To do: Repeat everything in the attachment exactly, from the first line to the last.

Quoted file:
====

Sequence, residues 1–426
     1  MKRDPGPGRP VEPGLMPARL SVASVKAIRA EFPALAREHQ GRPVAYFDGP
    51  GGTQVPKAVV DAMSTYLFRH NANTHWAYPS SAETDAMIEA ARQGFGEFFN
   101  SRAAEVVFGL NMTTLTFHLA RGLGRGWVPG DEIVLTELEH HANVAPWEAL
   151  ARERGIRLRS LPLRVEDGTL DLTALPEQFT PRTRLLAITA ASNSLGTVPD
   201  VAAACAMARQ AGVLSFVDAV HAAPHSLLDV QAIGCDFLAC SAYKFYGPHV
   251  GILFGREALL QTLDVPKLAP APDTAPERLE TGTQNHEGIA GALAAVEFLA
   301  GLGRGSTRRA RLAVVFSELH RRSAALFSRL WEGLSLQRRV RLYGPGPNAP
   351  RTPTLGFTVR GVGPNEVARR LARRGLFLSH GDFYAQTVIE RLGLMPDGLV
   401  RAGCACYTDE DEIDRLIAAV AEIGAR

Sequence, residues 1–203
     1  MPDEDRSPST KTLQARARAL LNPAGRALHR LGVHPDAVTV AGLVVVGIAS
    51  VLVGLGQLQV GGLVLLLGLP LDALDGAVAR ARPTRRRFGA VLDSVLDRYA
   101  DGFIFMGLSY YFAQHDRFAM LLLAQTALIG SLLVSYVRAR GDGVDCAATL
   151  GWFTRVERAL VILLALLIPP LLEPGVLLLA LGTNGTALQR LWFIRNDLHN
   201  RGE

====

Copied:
Sequence, residues 1–426
     1  MKRDPGPGRP VEPGLMPARL SVASVKAIRA EFPALAREHQ GRPVAYFDGP
    51  GGTQVPKAVV DAMSTYLFRH NANTHWAYPS SAETDAMIEA ARQGFGEFFN
   101  SRAAEVVFGL NMTTLTFHLA RGLGRGWVPG DEIVLTELEH HANVAPWEAL
   151  ARERGIRLRS LPLRVEDGTL DLTALPEQFT PRTRLLAITA ASNSLGTVPD
   201  VAAACAMARQ AGVLSFVDAV HAAPHSLLDV QAIGCDFLAC SAYKFYGPHV
   251  GILFGREALL QTLDVPKLAP APDTAPERLE TGTQNHEGIA GALAAVEFLA
   301  GLGRGSTRRA RLAVVFSELH RRSAALFSRL WEGLSLQRRV RLYGPGPNAP
   351  RTPTLGFTVR GVGPNEVARR LARRGLFLSH GDFYAQTVIE RLGLMPDGLV
   401  RAGCACYTDE DEIDRLIAAV AEIGAR

Sequence, residues 1–203
     1  MPDEDRSPST KTLQARARAL LNPAGRALHR LGVHPDAVTV AGLVVVGIAS
    51  VLVGLGQLQV GGLVLLLGLP LDALDGAVAR ARPTRRRFGA VLDSVLDRYA
   101  DGFIFMGLSY YFAQHDRFAM LLLAQTALIG SLLVSYVRAR GDGVDCAATL
   151  GWFTRVERAL VILLALLIPP LLEPGVLLLA LGTNGTALQR LWFIRNDLHN
   201  RGE